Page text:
Kahlon wants to be finance minister

Koolanu leader won't agree to pre-67 lines or divide Jerusalem and says Abbas not a partner for peace; "Likud abandoned social issues – I am a Begin Likudnik."

By
January 14, 2015 20:52
3 minute read.
Prime Minister Benjamin Netanyahu

Moshe Kahlon and Prime Minister Benjamin Netanyahu [File]. (photo credit: MARC ISRAEL SELLEM)

Koolanu leader Moshe Kahlon laid out several policy stances for the first time Wednesday in a series of interviews to radio and television, including his desire to be finance minister and his support for same-sex marriage.

Kahlon had previously said that he wants to be in control of the Israel Lands Authority, which falls under the Construction Ministry, but later added that he would want to have power over the body no matter which ministry he got. On Wednesday, he made clear that his ambition is to hold the Finance Ministry.

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“We are aiming for the Finance Ministry because that’s where we can get these things done,” he told Army Radio, listing reforms in housing, finance and the cost of living. He also said that Koolanu would not run with any other party in the upcoming elections, casting aside rumors that he was considering running with Yesh Atid or even the party in which he grew up, Likud.

On diplomatic issues, he reiterated that Koolanu would be there to “support” an agreement with the Palestinians, but said that Palestinian President Mahmoud Abbas was not – at the moment – a partner for peace, because he was pursuing action against Israel at the International Criminal Court and the United Nations.

“I am a man who can support a diplomatic solution. At the moment, sadly, there’s no partner, but the second there will be a courageous person on the other side who can reach peace or a diplomatic solution, we will be there to support it,” he said.

In any agreement, however, Jerusalem could not be divided, there could be no discussion of the Palestinian refugee issue, and there would not be a return to the pre-1967 borders, he said.

The Koolanu leader would not answer whether he would vote for evacuating settlements or not, though he was asked several times.

Kahlon also said his party would only accept a peace agreement in which Jerusalem remains united and the Palestinians give up their demand that refugees of the War of Independence and their descendants move to Israel.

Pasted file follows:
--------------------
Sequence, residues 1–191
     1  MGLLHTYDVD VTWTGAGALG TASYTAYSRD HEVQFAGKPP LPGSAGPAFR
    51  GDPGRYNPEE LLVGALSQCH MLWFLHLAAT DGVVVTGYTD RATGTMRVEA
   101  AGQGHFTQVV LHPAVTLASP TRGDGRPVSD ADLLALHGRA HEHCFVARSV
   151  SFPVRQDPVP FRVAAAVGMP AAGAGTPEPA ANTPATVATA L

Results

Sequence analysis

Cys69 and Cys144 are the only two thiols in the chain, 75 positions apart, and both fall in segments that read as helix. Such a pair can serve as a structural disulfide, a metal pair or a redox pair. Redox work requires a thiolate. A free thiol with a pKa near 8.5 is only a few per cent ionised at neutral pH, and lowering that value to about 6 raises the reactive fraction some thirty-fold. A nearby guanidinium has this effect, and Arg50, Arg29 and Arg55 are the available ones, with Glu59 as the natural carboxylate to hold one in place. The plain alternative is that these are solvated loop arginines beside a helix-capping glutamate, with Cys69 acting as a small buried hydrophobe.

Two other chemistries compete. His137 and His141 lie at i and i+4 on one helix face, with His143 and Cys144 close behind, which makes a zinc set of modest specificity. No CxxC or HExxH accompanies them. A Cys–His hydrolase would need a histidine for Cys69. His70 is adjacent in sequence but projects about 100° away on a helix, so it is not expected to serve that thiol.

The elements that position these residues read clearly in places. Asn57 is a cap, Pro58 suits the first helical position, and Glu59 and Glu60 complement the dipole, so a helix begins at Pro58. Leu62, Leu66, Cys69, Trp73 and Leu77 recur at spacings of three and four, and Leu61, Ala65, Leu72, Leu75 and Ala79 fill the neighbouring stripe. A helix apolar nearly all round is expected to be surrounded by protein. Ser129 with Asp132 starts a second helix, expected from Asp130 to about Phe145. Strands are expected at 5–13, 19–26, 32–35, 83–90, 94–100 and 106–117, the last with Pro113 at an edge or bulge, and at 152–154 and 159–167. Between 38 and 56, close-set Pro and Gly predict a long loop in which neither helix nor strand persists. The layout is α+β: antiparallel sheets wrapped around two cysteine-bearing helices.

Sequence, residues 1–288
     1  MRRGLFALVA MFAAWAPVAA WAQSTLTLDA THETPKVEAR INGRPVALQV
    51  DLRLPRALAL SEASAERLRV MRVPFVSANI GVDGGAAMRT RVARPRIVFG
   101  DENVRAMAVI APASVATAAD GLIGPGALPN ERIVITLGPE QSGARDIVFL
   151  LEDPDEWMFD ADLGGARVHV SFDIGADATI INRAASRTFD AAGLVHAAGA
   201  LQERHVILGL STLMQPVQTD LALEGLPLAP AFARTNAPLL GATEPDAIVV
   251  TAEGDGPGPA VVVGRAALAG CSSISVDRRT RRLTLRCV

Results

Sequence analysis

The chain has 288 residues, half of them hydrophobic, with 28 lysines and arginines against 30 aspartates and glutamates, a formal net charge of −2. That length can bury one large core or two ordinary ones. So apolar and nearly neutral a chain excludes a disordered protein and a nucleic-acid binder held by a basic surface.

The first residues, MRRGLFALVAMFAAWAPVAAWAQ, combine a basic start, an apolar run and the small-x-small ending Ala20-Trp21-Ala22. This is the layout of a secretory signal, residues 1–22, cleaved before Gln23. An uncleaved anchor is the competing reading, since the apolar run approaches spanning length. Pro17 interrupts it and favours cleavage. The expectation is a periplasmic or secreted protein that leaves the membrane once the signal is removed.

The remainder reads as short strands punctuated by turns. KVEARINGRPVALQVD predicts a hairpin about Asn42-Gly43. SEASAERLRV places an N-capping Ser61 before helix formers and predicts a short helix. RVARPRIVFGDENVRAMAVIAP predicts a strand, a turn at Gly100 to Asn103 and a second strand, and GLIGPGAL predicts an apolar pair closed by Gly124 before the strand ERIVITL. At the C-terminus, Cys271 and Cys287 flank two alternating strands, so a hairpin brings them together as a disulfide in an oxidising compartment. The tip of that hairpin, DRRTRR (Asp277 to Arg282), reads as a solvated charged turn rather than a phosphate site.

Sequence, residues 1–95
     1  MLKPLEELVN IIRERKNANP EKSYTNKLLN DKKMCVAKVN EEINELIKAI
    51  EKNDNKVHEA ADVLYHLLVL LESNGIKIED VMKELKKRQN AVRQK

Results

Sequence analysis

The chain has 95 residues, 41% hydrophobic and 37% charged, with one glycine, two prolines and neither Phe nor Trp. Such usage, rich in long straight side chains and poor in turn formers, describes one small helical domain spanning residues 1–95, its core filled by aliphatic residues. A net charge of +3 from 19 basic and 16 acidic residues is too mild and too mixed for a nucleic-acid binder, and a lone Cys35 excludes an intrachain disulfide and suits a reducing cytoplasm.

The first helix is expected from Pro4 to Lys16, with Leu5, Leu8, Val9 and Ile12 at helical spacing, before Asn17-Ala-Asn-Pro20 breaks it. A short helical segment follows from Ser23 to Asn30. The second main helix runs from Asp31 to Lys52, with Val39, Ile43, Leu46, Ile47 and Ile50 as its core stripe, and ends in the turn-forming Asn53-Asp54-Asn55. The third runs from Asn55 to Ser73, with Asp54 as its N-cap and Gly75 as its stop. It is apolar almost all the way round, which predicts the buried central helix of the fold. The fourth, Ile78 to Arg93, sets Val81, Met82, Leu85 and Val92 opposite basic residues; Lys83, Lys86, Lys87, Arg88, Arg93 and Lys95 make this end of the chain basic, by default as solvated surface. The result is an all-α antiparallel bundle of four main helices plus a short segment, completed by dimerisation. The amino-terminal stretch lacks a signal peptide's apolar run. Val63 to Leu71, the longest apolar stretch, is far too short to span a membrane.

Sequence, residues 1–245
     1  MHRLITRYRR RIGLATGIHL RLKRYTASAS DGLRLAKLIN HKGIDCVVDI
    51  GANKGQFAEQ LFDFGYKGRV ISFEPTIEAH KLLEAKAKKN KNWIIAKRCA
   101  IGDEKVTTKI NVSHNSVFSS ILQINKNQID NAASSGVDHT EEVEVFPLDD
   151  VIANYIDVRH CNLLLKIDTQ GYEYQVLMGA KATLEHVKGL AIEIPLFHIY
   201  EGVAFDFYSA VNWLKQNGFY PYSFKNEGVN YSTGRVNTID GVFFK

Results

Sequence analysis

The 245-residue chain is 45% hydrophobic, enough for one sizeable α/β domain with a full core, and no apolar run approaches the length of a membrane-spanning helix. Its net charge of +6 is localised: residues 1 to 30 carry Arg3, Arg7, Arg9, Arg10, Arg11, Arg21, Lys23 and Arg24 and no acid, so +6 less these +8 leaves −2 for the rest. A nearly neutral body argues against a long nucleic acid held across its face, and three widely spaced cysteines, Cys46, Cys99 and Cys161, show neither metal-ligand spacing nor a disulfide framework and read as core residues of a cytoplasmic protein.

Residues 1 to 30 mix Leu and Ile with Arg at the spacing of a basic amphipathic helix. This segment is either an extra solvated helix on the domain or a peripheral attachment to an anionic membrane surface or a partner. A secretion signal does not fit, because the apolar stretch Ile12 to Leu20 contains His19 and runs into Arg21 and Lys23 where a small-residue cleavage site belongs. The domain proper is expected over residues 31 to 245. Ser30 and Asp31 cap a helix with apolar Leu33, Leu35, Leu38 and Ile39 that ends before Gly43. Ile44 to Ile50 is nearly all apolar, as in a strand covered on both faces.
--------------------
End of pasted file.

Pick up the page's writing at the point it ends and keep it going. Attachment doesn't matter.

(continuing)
Even Tzipi Livni, the former chief negotiator who is running on a joint list with Labor in this election, said the Palestinians deserve some blame for the current stalemate, Kahlon said.

While voicing respect for Livni, Kahlon was harsher on the rest of Labor’s newly appointed list, calling it “a list of stars” without experience in actually making changes.

Yet Kahlon also brandished social credentials, telling Army Radio that he supports Israel recognizing same-sex marriage.

“I am personally not against it,” he said. “Let everyone live their lives and decide to which institution they want to belong, although I am traditional.”

Kahlon admitted that his most recent party addition, Tsega Melaku, may not be able to run due to a technical issue. Melaku, who worked for the state-run Israel Broadcasting Authority, had not resigned her post in time for the election. Kahlon said the party would await guidance from the Central Elections Committee over the issue, which he said was merely a technical one.

The Koolanu leader also spoke out against his former party, Likud, denying that his moving parties is a matter of ego.

According to Kahlon, in recent years Likud abandoned social issues.

“I am a [former prime minister Menachem] Begin Likudnik,” he stated. “The party moved elsewhere.”

Kahlon explained that as a minister from a separate party, he could have a greater influence than a minister in Prime Minister Benjamin Netanyahu’s party, because he would have more leverage.


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